Driving is an activity many people do every day as part of their commute to work or school or to run errands. With so much time spent behind the wheel, many wonder if driving could contribute to weight loss goals.
Does the act of driving burn calories?
The simple answer is yes, driving does burn calories and therefore contributes to weight loss, but the number of calories burned while driving is relatively small.
Driving itself requires some physical movements that engage muscles and burn calories, like pressing the accelerator and brake pedals, turning the steering wheel, looking over your shoulder to change lanes or check blindspots, and getting in and out of the car. However, because these motions are relatively minor, the number of calories burned by the physical acts of driving is low.
For example, a 160 pound person would burn approximately 100 calories per hour of driving. So a half hour commute would burn around 50 calories, and an hour long commute 100 calories. Over the course of a week of commuting, this would equate to 500-1000 calories burned from the physical motions of driving alone.
While driving does burn some calories, it is considered a light physical activity. Activities like walking, jogging, swimming or biking would burn significantly more calories per hour. So driving itself results in relatively low calorie expenditure.
Can driving lead to weight gain?
While driving may burn some calories, there are some factors related to driving that can actually contribute to weight gain.
Driving involves prolonged sitting, which is by nature a sedentary activity. Spending extended periods of time seated and stationary can slow down the metabolism, leading to the burning of fewer calories compared to someone moving around frequently.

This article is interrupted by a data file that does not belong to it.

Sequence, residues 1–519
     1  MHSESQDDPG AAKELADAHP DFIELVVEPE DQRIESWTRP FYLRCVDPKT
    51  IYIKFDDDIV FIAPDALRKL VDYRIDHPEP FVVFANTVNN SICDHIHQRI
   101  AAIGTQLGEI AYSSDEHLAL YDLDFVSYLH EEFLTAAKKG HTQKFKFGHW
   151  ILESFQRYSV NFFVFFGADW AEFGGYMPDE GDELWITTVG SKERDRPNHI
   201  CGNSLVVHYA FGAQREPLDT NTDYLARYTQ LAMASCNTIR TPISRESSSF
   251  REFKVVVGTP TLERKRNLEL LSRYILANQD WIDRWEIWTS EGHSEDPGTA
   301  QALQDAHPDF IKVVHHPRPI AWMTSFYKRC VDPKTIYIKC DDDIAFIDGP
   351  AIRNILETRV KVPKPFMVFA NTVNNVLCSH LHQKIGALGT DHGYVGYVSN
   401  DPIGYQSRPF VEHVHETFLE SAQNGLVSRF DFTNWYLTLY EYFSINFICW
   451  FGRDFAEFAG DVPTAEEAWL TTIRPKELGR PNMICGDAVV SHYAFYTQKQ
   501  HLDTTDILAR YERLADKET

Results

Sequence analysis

Studies have shown that sedentary lifestyles and occupations that involve prolonged sitting are associated with increased risk of obesity and weight gain over time.
Snacking in the car
Another aspect of driving that can promote weight gain is the tendency for increased snacking and unhealthy food choices on the road. The convenience of fast food drive-thrus and eating food in the car can lead to overeating high calorie foods.
Having easy access to packaged snacks, sodas, coffee drinks loaded with cream and sugar and fast food while driving can derail healthy nutrition goals. Making a habit of grabbing a muffin and coffee on the morning commute or swinging through the drive-thru for lunch promotes empty calorie intake.
Stress and fatigue
For some, driving may be a stressful or tiring activity, especially during busy commuting hours. This can cause elevated cortisol levels, which can increase appetite. Feelings of anxiety, frustration and fatigue while driving can also lead some people to make poorer food choices.
Tips for weight loss through driving
While driving itself may not burn massive amounts of calories, making some adjustments can help turn your time spent driving into an opportunity to lose weight.
Take the long way
Choosing a longer route that avoids highways in favor of side streets can extend the amount of time you spend driving. Opting for the scenic route is one simple way to add extra time behind the wheel to burn more calories.
Park farther away